Ireland 3 France 53
For the guts of an hour after the game the Irish players stayed on the pitch, mingling with family and friends, taking selfies with young supporters, smiling on all who smiled on them. What could anybody say? What consolation could be drummed up? They lost by more than they had ever done against France in the Six Nations, but probably played better than they had done against Wales in the first round. Which part of that is tolerable?
In other circumstances an outcome such as this would lead to all kinds of hand-wringing and recriminations, but to what end? There was no shortage of desire or honesty from the Irish players, and they never took a backwards step, but they were over-powered and outmanoeuvred and bamboozled by a French team that was miles better at everything. In every respect it was an unequal struggle.
France scored nine tries, seven of them after they were reduced to 14 players midway through the first half. Ireland’s numerical advantage made no difference to the run of play, and France’s grip on the game only tightened the longer it went on. Playing against a cross wind in the second half Ireland scarcely entered French territory. At no stage did the visitors become tired or satisfied and Ireland couldn’t wear them out.
The Ireland coach Greg McWilliams tried to put in a protective context: “France are number three in the world, they’re an outstanding side, even with a player down. Their skill set was stronger than ours, we saw that, we saw their ability to move the ball, to use their foot work to get to softer shoulders, to get their offloading game going. They played at a pace that we couldn’t live with. Now we’ve experienced that we can work to improve on that.
“I know what it’s like for these women going out there. I’m so proud of them. Things aren’t going their way, their backs are against the wall, their confidence at times was low, but the fight and resilience was better today. It needs to be better. We’re striving to be better. There is a gulf, but as long as we continue to own that, and have the responsibility of our actions, and work hard, we’ll get there eventually. I look forward to those moments.”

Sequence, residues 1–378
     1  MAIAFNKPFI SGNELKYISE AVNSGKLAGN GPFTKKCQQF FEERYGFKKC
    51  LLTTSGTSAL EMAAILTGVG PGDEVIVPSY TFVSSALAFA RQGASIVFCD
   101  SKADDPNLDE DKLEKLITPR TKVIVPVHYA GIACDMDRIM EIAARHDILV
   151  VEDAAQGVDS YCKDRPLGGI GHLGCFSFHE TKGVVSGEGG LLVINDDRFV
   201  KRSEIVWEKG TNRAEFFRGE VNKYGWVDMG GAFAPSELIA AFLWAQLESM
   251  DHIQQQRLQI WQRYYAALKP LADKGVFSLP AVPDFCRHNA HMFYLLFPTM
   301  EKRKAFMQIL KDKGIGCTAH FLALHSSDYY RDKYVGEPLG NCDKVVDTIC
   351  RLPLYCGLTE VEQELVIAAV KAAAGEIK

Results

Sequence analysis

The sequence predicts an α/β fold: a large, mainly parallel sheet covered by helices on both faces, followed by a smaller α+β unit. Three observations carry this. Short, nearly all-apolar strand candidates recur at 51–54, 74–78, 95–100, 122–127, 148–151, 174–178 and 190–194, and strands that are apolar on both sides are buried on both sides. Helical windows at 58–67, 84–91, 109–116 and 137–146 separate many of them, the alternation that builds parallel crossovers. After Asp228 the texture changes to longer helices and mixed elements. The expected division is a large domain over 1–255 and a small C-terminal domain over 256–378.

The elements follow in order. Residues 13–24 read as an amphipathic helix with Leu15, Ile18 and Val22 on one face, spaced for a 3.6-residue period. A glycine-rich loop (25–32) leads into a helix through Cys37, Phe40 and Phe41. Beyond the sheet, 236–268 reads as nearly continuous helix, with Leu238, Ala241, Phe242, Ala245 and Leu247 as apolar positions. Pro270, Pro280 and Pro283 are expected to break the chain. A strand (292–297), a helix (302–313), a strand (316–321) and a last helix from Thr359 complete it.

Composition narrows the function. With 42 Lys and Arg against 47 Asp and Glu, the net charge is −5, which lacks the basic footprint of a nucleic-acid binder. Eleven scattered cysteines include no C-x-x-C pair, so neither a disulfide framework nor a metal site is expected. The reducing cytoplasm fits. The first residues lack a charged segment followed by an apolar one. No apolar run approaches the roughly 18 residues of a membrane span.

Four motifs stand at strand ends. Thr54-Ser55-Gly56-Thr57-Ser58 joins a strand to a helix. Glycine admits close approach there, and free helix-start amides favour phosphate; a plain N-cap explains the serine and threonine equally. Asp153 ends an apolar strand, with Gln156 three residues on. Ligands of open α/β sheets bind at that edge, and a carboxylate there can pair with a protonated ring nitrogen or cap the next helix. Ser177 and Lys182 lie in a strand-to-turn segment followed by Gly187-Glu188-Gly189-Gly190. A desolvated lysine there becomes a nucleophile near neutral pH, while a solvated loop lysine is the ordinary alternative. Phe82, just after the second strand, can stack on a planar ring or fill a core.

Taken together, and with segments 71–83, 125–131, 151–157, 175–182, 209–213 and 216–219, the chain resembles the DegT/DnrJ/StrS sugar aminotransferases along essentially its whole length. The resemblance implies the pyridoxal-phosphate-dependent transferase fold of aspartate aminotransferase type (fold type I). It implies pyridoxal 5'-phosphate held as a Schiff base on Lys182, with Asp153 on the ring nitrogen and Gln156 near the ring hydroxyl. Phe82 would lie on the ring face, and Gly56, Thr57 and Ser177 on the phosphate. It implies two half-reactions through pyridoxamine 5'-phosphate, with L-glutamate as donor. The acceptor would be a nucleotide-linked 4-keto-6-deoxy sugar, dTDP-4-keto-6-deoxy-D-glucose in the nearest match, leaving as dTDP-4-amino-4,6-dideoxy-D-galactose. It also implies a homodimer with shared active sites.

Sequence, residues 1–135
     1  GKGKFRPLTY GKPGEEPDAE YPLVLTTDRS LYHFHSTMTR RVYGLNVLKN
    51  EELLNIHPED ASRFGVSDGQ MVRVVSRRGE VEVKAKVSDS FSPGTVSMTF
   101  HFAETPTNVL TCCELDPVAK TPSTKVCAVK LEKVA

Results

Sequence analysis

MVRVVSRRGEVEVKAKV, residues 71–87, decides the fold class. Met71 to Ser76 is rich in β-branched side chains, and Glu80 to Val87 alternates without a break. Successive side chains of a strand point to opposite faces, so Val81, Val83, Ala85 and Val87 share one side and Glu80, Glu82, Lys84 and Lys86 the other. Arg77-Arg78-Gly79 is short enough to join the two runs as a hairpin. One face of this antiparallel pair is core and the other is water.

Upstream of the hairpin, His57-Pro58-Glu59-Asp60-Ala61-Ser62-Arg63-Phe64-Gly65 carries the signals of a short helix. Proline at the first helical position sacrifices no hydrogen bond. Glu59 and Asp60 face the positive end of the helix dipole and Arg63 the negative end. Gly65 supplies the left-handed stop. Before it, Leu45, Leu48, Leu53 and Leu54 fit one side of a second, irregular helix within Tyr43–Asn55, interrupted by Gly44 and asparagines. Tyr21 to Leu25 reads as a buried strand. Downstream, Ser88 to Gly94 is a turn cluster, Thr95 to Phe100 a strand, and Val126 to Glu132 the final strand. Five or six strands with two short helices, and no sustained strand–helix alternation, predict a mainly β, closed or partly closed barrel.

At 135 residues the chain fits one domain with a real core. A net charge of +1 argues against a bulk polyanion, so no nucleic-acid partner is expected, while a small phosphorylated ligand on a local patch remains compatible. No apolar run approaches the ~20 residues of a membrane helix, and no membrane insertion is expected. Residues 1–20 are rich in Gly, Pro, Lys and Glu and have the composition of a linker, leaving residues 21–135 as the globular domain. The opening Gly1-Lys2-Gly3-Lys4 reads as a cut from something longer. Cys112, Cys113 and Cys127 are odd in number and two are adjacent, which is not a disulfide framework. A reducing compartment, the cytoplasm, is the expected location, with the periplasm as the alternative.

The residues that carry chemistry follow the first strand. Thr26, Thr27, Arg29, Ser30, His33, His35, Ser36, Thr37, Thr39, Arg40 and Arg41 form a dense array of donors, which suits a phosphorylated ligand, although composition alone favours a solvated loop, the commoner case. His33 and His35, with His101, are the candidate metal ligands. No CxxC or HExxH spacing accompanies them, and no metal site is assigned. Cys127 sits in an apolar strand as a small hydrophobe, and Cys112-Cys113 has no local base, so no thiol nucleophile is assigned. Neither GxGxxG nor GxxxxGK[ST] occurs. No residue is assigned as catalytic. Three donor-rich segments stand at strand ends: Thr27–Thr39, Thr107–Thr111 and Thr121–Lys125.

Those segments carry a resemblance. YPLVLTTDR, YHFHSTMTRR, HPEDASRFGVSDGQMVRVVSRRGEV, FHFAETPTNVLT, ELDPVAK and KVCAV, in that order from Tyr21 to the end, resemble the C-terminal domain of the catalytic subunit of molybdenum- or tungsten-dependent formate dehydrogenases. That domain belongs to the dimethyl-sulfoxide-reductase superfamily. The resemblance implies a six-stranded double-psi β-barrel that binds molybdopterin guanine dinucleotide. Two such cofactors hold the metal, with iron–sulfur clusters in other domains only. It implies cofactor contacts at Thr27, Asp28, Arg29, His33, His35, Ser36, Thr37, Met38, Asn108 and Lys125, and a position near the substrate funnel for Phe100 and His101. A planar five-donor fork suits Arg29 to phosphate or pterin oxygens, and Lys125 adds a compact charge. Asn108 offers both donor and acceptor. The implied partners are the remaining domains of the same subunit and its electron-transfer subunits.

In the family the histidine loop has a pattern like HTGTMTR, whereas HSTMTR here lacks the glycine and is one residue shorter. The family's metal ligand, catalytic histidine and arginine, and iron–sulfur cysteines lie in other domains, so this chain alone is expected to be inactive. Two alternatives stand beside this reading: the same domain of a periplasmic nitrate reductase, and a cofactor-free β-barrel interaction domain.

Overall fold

On Saturday, Ireland had no answers. Their spirit never failed, and if their discipline was poor at times it was just a symptom of how much pressure they were under. There were short bursts of cohesion in attack, and a handful of gain-line triumphs, but not enough to make a difference.
In an admirable display of solidarity the enthusiastic home crowd gave Ireland a standing ovation as they left the field at half-time, and again when they returned, but the gap in class between the teams was unmanageable. France had five tries on the board by the break and the game was emptied out as a contest.
Ireland simply couldn’t cope with France’s power and their blistering athleticism. The visitors’ half-backs, Pauline Bourdon and Carla Arbez, controlled with the game with their vision and dynamism, and Bourdon, especially, was irrepressible. She had two tries before half-time and would have had a third without a hugely generous pass to Gabrielle Vernier a couple of metres from the Irish line.
Young Dannah O’Brien did well on her debut at outhalf, and on a blustery afternoon her thoughtful, prodigious kicking provided Ireland with a reasonable share of field position in the first half. But Ireland’s visits to the French 22 were undone by bluntness or handling errors, or both.
The most promising Irish move ended when O’Brien was isolated in contact just a couple of metres short of the French line and the ball was poached by the French hooker, Agathe Sochat, midway through the first half. That was the closest Ireland came to scoring a try.
The French prop Annaelle Deshaye was red-carded for a high tackle on Deirbhile Nic A Bháird midway through the first half, but it didn’t change the momentum of the game. Within ten minutes Bourdon had crossed for both of her tries and by half-time France were 27-3 in front.
In the second half France didn’t give Ireland a moment to breathe. Souchat scored their sixth try, after a devastating rolling maul, 14 minutes after the break, and they essentially set up camp in the Irish half after that. For Ireland, there was no way out.
Ireland: M Deely; A Doyle, A Dalton, V Irwin, N Behan; D O’Brien, M Scuffil-McCabe; L Djougang, N Jones, C Haney; N Fryday, S Monaghan; D Wall, G Moore, D Nic a Bháird. Replacements: A McGann for Irwin 52 mins; E Swords for Scuffil-McCabe 52 mins; S McGrath for Haney 58 mins; B Hogan for Moore 58 mins; H O’Connor for Fryday 73 mins; L Delaney for Doyle 73 mins; K Buggy for Djougang 73 mins; C Neilsen for Jones 76 mins. Yellow card: Deely 69 mins
France: M Bourgeois; C Banet, M Ménager, G Vernier, C Boujard; C Arbez, P Bourdon; A Deshayes, A Sochat, C Joyeux; M Feleu, A Forlani; A Berthoumieu, E Gros, C Escudero. Replacements: C Lindelauf for Berthoumieu 25 mins; J Tremoulière for Arbez 52 mins; G Hermet for Gros 52 mins; A Khalfaoui for Joyeux 55 mins; A Chambon for Bourdon 59 mins; M Dupouy for Ménager 60 mins; E Riffonneau for Sochat 64 mins; M Picut for Forlani 68 mins. Sent off: Deshayes 69 mins
Referee: Hollie Davidson (SRU)